I work for a large, international company. As a hobby, and in my free time, I began learning software development.

To learn, I began creating a small tool that I could use at work to assist with my duties there. However, its usefulness soon caught the eye of coworkers who also wanted to use it.

Long story short, my application is now being used in multiple departments, with myself still as the sole developer. It has continued to grow and I now have leadership making specific requests for additional changes to be made to the software.

The majority of the early work on the software was done at home, on my own time. However, within the past 6 months, I have spent some company time working on it as well. I am now working on it nearly full time at the request of my managers.

My question is this: What are my legal rights to this software? Would I be able to sell it? Or deny its use to my company? There have been no contracts signed at all, no change in my salary, and no offers to pay for the work I've done on it (and no, I do not make a developer's salary; I actually make a relatively low salary-grade).

Did I lose all of my legal rights or bargaining power the moment I brought it to work and used company time to work on it?

Thank you for your help!


I'll assume you are salaried full time exempt in the U.S. in an at-will, right-to-work state and are covered by a standard "employee handbook".

This has been developed by you, employee, to assist in doing your job, employment, for your company, employer, using time, materials and information belonging at least partially to your employer. Since creating it, you gave it to other employees and have accepted management directives to continue work on the software as part of your full-time job.

This is the company's software now. Your best bet is to support it like crazy, make it a big deal and ride it as high as it will take you in the company. Ask for a raise, ask for a promotion, get references and put it as an accomplishment on your resume.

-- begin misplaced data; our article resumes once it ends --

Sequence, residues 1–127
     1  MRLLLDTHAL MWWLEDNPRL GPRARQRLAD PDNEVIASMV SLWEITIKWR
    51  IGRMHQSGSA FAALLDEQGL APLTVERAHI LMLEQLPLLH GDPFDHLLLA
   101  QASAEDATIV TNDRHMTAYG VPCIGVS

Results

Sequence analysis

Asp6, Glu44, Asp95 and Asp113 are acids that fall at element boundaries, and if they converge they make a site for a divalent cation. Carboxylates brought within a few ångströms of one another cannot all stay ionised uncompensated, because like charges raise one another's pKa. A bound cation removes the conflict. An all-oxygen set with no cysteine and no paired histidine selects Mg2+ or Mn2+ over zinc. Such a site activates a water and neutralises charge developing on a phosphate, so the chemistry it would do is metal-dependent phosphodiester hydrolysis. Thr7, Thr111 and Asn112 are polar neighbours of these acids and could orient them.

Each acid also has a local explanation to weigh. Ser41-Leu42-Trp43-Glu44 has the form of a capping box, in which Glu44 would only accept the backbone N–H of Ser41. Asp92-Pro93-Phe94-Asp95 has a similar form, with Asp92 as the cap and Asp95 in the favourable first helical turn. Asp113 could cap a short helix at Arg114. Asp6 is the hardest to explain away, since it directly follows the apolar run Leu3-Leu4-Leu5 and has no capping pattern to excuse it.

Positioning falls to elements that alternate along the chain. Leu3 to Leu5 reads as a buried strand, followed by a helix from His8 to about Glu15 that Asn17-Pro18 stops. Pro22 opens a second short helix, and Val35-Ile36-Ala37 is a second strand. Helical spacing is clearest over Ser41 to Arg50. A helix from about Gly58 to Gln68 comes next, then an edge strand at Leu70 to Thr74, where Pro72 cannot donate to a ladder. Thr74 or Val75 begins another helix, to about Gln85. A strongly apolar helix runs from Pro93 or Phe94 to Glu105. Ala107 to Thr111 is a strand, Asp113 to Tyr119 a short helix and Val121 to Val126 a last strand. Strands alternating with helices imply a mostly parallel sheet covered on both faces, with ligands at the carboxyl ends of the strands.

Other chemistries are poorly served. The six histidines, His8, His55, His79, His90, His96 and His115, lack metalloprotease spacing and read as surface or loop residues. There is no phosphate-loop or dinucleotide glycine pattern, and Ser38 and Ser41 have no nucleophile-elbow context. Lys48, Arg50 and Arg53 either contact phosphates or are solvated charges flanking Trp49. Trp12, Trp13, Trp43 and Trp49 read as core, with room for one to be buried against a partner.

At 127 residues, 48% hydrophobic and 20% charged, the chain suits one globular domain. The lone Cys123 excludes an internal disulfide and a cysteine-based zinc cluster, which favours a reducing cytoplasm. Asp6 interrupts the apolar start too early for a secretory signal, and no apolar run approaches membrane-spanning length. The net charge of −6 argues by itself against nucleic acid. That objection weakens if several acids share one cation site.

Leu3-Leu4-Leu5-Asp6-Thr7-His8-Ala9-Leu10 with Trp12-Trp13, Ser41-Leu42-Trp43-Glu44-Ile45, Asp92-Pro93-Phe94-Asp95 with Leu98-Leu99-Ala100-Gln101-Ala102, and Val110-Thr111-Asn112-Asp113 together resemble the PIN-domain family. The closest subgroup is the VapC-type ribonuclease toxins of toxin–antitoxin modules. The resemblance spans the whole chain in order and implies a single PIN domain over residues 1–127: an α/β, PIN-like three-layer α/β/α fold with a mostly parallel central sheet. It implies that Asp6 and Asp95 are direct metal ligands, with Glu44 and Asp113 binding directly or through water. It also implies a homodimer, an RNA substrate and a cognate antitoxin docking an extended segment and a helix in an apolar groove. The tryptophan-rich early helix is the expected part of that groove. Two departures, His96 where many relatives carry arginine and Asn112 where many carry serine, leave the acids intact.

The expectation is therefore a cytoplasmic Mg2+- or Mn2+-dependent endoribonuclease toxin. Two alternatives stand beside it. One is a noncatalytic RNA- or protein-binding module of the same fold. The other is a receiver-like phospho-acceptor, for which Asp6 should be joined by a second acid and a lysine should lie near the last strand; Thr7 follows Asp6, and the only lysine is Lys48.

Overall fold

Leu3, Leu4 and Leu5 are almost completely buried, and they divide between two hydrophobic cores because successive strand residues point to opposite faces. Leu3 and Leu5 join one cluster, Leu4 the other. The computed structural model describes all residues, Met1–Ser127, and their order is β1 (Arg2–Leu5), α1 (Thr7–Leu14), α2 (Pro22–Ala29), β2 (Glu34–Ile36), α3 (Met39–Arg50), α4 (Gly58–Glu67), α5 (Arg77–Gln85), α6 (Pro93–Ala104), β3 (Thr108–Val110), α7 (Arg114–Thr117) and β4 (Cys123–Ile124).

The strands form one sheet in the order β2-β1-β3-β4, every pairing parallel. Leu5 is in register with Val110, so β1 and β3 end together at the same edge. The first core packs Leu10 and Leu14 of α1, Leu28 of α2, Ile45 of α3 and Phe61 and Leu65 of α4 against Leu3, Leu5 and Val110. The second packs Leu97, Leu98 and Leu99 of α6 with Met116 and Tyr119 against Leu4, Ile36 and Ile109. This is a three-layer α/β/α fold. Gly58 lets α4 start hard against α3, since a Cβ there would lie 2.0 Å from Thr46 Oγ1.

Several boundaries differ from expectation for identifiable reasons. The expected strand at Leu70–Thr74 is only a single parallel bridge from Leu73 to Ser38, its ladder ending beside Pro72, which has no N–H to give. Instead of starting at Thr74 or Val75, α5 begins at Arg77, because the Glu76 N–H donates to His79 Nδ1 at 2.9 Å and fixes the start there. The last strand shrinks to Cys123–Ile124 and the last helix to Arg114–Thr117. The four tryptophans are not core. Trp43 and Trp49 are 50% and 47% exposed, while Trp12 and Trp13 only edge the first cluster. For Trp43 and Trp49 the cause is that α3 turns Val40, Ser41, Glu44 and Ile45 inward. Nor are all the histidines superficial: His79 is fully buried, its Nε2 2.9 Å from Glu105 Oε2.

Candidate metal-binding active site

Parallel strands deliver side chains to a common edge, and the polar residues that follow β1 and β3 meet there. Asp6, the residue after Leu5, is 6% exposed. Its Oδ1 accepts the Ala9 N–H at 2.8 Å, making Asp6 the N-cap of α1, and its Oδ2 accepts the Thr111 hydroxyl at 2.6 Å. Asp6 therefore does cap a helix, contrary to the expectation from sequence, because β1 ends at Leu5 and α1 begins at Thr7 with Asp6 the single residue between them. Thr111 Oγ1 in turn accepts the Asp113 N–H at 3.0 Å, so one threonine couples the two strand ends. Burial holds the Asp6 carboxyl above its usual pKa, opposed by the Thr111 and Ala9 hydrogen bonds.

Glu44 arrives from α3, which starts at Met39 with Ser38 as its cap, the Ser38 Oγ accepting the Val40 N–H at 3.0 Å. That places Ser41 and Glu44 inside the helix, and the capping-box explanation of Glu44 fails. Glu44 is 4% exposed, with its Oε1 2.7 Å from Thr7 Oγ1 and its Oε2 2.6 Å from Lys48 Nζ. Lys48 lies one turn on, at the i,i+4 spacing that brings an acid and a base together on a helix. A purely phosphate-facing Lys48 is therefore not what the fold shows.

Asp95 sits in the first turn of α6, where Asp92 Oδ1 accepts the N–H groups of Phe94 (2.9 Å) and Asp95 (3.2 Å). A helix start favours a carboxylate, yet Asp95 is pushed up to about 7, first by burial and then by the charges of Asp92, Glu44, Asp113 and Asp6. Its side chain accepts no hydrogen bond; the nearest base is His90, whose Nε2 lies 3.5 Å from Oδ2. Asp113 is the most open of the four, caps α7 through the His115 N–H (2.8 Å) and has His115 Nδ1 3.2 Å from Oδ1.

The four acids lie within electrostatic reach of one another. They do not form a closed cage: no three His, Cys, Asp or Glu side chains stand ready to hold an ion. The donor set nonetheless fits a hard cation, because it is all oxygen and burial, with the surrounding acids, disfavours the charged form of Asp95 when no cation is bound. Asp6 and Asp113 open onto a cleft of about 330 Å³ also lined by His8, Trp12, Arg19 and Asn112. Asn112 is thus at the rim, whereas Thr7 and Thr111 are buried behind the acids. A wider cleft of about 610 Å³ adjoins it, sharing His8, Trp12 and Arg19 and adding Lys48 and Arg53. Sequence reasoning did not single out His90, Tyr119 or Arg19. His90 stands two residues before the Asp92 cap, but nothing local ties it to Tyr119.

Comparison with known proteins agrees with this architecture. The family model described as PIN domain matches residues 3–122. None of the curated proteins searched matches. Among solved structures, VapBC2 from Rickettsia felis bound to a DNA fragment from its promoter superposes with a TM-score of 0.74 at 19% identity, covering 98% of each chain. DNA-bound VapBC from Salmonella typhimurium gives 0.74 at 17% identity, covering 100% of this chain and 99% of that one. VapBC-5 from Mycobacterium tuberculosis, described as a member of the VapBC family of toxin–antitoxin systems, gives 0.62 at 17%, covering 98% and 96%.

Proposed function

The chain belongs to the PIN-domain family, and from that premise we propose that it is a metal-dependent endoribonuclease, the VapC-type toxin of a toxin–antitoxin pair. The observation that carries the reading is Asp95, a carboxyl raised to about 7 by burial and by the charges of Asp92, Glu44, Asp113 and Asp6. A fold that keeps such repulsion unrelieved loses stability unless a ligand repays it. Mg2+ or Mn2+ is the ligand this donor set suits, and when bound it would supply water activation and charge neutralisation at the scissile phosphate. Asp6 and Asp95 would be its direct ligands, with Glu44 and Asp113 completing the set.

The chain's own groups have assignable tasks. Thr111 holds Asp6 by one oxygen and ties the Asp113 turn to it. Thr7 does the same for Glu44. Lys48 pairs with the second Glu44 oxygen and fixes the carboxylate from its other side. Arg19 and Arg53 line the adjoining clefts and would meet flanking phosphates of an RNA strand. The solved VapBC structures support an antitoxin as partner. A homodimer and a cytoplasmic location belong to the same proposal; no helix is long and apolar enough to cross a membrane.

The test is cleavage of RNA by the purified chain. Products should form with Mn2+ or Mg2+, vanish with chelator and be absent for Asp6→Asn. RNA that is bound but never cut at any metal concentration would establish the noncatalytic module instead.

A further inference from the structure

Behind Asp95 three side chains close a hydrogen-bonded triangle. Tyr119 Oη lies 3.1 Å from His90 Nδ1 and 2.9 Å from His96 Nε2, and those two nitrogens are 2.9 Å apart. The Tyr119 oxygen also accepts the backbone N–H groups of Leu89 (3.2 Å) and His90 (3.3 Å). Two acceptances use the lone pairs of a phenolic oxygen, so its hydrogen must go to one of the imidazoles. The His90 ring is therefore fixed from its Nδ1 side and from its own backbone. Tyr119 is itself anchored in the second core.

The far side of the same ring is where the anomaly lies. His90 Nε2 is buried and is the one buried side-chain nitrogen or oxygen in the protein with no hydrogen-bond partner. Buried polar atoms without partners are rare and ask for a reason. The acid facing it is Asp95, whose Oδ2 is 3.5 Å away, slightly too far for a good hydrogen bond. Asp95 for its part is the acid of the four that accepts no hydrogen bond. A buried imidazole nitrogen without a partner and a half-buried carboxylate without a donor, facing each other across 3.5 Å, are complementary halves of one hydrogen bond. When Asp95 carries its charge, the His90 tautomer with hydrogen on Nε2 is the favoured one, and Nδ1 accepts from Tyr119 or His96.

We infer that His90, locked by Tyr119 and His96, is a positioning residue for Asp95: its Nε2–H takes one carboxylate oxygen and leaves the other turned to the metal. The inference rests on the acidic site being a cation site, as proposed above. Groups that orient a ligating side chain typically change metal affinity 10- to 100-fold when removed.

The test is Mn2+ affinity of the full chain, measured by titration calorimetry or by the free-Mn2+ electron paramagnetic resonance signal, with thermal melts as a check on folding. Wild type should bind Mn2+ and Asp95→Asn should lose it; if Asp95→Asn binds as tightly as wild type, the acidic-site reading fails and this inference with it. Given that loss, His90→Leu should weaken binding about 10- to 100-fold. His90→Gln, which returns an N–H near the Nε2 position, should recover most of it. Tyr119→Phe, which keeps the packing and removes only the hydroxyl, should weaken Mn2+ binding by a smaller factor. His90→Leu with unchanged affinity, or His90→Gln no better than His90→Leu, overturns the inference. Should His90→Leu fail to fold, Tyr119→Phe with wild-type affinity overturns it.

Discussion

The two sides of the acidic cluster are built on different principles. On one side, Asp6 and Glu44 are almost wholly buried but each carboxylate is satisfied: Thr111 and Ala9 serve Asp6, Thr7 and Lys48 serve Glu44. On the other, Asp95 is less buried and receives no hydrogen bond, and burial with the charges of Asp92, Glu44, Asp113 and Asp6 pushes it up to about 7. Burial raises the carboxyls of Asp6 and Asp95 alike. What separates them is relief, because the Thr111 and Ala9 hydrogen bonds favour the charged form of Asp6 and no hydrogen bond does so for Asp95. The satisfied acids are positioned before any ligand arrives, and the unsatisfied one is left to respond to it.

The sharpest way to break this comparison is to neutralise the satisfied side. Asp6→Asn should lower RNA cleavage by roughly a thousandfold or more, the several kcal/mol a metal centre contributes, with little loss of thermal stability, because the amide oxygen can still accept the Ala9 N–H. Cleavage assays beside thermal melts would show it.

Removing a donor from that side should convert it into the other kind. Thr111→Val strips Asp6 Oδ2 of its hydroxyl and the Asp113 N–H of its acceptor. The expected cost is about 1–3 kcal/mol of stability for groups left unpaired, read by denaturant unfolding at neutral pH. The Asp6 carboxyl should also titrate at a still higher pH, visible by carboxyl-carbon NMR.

But you can't sell it or take it away from your employer. That ship has sailed. You can still greatly benefit from your work (at your employer's discretion) and learn from it for next time.

  • It has, indeed, already opened some opportunities for me going forward within my company. I am happy to have provided the software and to continue supporting it. I expected this to be the answer. Thank you!
    – Zephyr
    Jun 28 '17 at 3:20
  • @Zephyr user6726 provides a different perspective in his answer: he suggests you might have some ownership rights. Note that I might be wrong and am using my limited knowledge of the law to provide what I believe the answer to be. It might be worth talking to a lawyer if you are serious about trying to exercise rights of ownership. You may have some - but if I were you I wouldn't count on that being a productive venture.
    – Patrick87
    Jun 28 '17 at 12:35
  • Talk to your Boss. When my partner do this sort of thing I don't mind sharing profit
    – user4234
    May 9 '18 at 8:24